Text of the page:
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Income Splitting Part Two

Family Budgeting

Perhaps the simplest and most effective technique to split family income does not involve income tax; rather it is the process a family uses to spend, save and invest. In order to implement this strategy, the spouses must be in different tax brackets. Assume the husband’s annual income is $85,000 and the wife works part-time and her take-home pay is $10,000. The responsibility for paying specific expenses varies by family, but it is not uncommon for higher income spouses to use excess funds for investment purposes. If the husband currently invests $10,000 per annum from his salary and the wife uses her part-time earnings for household and personal expenditures; an income-splitting opportunity exists. The lower income spouse could invest the $10,000 from her earnings and the higher income spouse would pay for the expenditures that were formerly made by his wife. The strategy would result in the investments being owned by the wife and taxed at her lower marginal tax rate.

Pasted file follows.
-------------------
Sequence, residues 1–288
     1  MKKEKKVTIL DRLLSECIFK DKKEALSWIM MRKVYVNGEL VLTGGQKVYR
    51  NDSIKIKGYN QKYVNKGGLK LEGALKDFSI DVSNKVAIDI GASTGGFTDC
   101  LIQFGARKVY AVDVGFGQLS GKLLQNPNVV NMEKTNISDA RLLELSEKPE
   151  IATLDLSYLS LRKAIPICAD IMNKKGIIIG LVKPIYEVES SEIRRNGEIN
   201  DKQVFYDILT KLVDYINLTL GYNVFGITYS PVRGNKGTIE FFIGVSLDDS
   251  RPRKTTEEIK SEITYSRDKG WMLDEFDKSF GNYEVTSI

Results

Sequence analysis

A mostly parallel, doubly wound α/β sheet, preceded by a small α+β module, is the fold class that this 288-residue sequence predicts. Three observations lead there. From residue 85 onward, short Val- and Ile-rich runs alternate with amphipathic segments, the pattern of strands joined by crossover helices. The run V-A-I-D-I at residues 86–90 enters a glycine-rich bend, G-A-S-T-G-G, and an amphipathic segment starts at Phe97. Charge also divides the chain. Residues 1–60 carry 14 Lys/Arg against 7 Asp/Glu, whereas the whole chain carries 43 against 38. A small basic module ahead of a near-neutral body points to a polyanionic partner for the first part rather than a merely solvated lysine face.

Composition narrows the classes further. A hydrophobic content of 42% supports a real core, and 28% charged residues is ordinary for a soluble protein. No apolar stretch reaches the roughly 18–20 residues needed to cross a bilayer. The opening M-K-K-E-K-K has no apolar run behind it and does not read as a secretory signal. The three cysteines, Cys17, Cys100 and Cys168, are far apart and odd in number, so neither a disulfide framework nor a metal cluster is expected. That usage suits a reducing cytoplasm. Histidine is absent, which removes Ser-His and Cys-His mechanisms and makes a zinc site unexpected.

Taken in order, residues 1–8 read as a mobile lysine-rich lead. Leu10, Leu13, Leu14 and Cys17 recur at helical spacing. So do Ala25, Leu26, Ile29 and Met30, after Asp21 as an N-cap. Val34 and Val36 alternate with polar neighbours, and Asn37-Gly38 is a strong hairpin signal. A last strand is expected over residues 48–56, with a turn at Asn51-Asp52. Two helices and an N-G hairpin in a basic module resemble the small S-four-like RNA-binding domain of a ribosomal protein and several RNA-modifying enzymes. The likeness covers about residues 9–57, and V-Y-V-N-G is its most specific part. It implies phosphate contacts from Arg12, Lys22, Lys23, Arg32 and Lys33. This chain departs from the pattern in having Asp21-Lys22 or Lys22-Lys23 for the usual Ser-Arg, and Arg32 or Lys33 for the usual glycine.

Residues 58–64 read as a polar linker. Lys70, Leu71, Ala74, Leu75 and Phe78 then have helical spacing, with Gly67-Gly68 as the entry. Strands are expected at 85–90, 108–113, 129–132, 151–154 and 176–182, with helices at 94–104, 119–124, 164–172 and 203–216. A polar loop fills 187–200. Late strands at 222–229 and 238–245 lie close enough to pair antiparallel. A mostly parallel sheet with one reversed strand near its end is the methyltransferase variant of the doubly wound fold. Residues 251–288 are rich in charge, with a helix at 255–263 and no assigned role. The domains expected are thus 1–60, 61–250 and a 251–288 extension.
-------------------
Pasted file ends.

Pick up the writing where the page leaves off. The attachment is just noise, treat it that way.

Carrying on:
There are income splitting opportunities for both regular pensions and the Canada Pension Plan. The ability of spouses to split pension income is the best tax planning tactic for retired couples. In order to split pension income, both spouses or common-law partners must make a joint election on Form T1032, Joint Election to Split Pension Income and submit it with their tax returns. An individual can elect to split up to 50% of the eligible pension income.
There is a pension credit of $2,000, but it can only be claimed against pension income. If only one spouse has income from a pension, by transferring a portion of the pension to one’s spouse, both spouses can claim the credit of $2,000. In addition to the pension credit, transferring income to the other spouse results in the pension being taxed as her lower tax rate.